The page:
Revitalizing Antitrust in Its Second Century: Essays on Legal, Economic, and Political Policy

By Harry First; Eleanor M. Fox et al. | Go to book overview
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bottleneck facilities controlled by the majors. This should include effective interconnection by trunkline carriers with feeder lines and obligations of deregulated pipelines to carry nonowned gas -- that is, to operate in some aspects as a regulated public utility.
Strict scrutiny should be the rule in reviewing mergers and acquisitions by deregulated majors. Buying out discounters and other "disrupters" of the status quo should especially be discountenanced. Alleged efficiencies should be tested against a demonstrated likelihood that the cost reductions will be passed on to consumers. Such a requirement appears in § 85 (3) of the Treaty of Rome, as a condition of approval of efficiency-enhancing cartels within the European Economic Community. It is also a test of power since cost savings would have to be passed on in a competitive industry.
Deregulation should be phased in so that industries, regions, and customers who have become dependent on major firms have time to adjust to the new environment. 10

I add, finally, that preoccupation with "power" should not be allowed to obstruct legislation directed at curtailing commercial practices of dubious value such as tying, resale price maintenance, and vertical territorial restraints, or at authorizing the Federal Trade Commission to proscribe unfair practices. The practices themselves are almost invariably inimical to consumers, and the world would not collapse if they were flatly forbidden, excepting only de minimis vertical controls by small units endeavoring to break into a market. Arguments, often theological, about power too frequently frustrate efforts to enhance the power of consumers to make their own choices.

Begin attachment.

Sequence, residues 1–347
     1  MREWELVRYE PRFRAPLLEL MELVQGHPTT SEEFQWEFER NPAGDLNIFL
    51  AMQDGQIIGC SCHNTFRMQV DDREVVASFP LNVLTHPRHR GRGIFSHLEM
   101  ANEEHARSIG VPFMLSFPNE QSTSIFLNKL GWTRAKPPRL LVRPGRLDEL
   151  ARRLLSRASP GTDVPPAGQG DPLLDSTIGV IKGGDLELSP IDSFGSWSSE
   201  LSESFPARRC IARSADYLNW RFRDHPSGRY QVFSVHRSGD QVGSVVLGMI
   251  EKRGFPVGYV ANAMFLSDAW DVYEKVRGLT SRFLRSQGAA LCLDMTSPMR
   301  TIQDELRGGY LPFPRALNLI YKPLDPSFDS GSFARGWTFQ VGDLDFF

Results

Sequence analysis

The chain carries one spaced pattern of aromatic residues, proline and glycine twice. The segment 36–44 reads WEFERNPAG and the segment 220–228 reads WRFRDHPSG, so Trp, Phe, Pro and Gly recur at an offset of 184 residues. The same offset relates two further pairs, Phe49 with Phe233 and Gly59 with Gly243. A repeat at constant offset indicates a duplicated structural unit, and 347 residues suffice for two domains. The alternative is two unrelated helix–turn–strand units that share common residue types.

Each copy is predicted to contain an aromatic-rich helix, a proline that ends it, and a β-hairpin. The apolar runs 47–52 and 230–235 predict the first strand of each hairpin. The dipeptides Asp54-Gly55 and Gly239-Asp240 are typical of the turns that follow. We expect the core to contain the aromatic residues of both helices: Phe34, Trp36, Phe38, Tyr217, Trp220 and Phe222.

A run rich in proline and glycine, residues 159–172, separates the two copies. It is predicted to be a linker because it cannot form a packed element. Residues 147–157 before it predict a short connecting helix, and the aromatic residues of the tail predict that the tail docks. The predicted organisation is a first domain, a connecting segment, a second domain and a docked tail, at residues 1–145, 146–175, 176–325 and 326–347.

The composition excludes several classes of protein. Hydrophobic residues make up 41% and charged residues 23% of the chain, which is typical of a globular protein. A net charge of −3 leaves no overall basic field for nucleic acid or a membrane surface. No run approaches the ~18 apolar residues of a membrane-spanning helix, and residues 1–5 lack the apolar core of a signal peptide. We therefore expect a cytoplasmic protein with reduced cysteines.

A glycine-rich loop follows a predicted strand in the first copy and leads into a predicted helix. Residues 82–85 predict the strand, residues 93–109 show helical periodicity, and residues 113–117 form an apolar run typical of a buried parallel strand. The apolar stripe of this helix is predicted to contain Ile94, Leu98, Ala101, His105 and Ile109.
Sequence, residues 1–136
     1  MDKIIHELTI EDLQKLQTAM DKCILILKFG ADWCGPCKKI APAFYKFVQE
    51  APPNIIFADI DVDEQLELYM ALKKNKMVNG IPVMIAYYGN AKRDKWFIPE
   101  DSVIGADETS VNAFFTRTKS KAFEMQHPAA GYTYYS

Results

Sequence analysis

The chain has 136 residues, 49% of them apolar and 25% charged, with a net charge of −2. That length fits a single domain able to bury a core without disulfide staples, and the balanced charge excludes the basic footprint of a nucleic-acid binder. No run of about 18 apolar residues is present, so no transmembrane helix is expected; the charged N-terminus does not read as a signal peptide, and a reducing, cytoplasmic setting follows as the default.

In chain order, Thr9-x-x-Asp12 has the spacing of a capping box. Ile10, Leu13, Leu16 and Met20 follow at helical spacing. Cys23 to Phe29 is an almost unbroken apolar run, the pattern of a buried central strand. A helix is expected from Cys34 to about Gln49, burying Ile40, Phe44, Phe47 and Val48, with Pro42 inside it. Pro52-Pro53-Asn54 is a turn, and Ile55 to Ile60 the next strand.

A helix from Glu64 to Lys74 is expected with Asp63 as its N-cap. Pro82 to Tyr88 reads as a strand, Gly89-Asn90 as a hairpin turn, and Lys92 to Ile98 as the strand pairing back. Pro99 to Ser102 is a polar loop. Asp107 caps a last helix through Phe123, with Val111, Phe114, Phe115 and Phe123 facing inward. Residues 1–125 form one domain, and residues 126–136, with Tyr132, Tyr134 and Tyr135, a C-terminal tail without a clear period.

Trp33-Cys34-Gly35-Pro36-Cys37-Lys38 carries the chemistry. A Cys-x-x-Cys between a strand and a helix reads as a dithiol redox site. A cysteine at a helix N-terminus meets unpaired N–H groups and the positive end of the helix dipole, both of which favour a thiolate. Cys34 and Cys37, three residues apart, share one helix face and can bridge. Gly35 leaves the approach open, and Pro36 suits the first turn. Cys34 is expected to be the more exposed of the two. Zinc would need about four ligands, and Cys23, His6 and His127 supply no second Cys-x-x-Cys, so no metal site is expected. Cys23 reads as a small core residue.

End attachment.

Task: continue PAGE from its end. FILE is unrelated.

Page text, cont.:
Cf. Symposium on the Economic, Political, and Social Goals of Antitrust Policy, 125 U. Pa. L. Rev. 1182 ( 1977), especially Sullivan, What Are the Sources of Wisdom for Antitrust?, id. at 1214.
Williamson, chapter 10 in this volume, at note 16, quoting Kenneth Arrow (emphasis supplied).
See, e.g., id. at text accompanying notes 84-95, 120; cf. Matsushita Elec. Indus. Co. v. Zenith Radio Corp., 475 U.S. 574 ( 1986).
Id. at text accompanying note 91.
A classic recognition of the multifactorial nature of a judgment as to power is Judge Knox's opinion on the relief to be granted following the finding that ACOA violated Section 2. He refused to be governed by market percentages ("a shorthand expression of power"), but chose instead to appraise the total resources of the defendant including its vertical integration, diversification, plant capacity, manufacturing costs, electric power resources, research and patent positions, affiliations through family ties with Aluminum of Canada, etc. See United States v. Aluminum Co. of Am., 91 F. Supp. 333, 364 et seq. ( S.D. N.Y. 1950).


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Revitalizing Antitrust in Its Second Century: Essays on Legal, Economic, and Political Policy
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